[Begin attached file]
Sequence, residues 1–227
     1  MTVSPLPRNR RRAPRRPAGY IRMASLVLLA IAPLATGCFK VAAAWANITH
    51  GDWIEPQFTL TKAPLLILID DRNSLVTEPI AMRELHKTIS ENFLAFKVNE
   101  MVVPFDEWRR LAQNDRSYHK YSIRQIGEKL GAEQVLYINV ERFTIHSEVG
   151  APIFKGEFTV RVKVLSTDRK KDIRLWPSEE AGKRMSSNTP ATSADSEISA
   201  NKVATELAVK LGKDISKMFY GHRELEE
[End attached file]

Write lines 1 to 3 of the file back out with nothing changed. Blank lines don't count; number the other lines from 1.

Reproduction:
Sequence, residues 1–227
     1  MTVSPLPRNR RRAPRRPAGY IRMASLVLLA IAPLATGCFK VAAAWANITH
    51  GDWIEPQFTL TKAPLLILID DRNSLVTEPI AMRELHKTIS ENFLAFKVNE